By KIM BELLARD
As hopefully most of you know, Rep. John Lewis, civil right icon and longtime member of Congress, died this past Friday. Rep. Lewis was often described the “conscience of Congress” – perhaps a low bar in today’s Congress but important nonetheless — for his unwavering commitment to social justice. I have always been struck in particular by one of his quotes:
Rep. Lewis must have been heartened by the fact that, in 2020, plenty of people are, indeed, making noise and getting into good trouble, necessary trouble over issues that he cared deeply about, like Black Lives Matter and voting rights. There are others who are better able to write about those people and that trouble. So I’d like to talk about his call to action with respect to healthcare.
If you are working today in healthcare — especially in the United States — or, for that matter, someone getting healthcare or having a loved one get it, then you should be making some noise and getting into good trouble, because our healthcare system most definitely makes it necessary.
It should come as no surprise that we’re not very happy with our healthcare system, rating it lower than do citizens in most other developed countries. And for good reason: it’s the world’s most expensive while delivering sub-par health results and leaving tens of millions without financial protection. Even our physicians don’t like it. Even our latest, best effort for improving the sorry state of our healthcare system — the Affordable Care Act – is under risk of repeal due to a lawsuit brought by 18 states and backed by the Trump Administration.
Every day, too many of us suffer in the healthcare system, ranging from waits to indignities to critical mistakes, and some face financial ruin due to the care — whether good or bad. Most of us suffer in silence, or only complain to our friends and family. We don’t see a lot of mass protests about the pitiful state of our healthcare system, and I have to wonder why.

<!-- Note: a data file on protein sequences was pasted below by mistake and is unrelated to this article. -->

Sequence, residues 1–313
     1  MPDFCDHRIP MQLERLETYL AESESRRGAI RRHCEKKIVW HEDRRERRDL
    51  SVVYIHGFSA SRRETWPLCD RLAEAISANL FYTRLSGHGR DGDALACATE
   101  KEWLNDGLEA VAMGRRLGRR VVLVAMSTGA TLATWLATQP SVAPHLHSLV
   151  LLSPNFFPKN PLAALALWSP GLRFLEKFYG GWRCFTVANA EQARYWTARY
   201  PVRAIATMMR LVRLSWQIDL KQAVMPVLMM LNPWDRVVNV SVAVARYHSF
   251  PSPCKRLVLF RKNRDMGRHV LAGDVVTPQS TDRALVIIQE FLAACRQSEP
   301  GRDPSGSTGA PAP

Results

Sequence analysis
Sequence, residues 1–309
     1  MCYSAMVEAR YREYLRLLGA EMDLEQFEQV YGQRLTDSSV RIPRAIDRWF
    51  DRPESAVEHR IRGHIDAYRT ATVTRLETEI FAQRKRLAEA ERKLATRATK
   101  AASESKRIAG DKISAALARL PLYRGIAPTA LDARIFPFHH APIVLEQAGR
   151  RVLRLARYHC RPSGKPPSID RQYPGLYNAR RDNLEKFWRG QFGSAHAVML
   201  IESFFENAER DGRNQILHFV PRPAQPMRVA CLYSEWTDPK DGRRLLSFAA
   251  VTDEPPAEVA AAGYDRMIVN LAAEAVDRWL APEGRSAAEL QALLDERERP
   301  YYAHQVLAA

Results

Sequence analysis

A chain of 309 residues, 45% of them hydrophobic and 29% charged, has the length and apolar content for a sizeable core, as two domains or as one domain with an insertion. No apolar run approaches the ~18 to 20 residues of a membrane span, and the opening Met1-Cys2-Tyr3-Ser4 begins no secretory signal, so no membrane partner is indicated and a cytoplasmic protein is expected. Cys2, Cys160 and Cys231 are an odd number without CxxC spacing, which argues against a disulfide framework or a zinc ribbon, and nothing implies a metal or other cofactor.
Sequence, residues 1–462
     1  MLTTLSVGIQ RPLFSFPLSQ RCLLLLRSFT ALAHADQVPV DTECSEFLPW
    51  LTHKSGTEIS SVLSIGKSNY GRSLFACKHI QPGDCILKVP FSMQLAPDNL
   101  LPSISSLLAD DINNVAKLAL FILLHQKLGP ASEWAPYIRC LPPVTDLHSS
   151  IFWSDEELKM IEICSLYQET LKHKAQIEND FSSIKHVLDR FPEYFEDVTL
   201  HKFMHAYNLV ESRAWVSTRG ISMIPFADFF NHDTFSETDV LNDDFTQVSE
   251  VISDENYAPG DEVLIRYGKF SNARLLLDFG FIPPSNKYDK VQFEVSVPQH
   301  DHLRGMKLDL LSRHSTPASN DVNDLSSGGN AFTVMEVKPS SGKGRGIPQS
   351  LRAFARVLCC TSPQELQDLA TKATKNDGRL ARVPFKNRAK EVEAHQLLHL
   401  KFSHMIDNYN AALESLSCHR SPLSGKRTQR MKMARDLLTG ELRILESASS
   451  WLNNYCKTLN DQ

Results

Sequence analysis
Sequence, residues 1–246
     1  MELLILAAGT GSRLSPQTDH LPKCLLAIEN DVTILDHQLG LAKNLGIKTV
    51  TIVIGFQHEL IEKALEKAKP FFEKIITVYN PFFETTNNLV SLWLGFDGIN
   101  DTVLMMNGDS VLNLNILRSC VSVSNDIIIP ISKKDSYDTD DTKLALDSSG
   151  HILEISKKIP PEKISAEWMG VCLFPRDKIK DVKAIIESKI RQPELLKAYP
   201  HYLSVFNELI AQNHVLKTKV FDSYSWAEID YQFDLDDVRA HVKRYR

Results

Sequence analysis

We have to stop being so passive.
For those of you working in healthcare, here are the first two things I’d urge you to get into good trouble about:
The first admonition comes from a movement developed by Melinda Ashton, MD at Hawaii Pacific Health. She started asking front-line workers to identify things that were “poorly designed, unnecessary, or just plain stupid,” and — not surprisingly — there turned out to be a lot. Someone just needed to ask and to promise some action.
Why every healthcare system/organization does not have such a program is beyond me, because those front-line workers see those kinds of things every day. They probably do make some noise about them, but many may not be willing to get into good trouble over them, nor are they usually supported by their leaders to do so.
But, still, they should be trying.
The second comes from advice that Dan Gingiss gives about improving customer experience. Our healthcare system is the world’s largest Rube Goldberg machine, complicated beyond understanding and with much of that complexity not achieving intended goals. “Complicated” isn’t the same as “sophisticated,” much less “better.”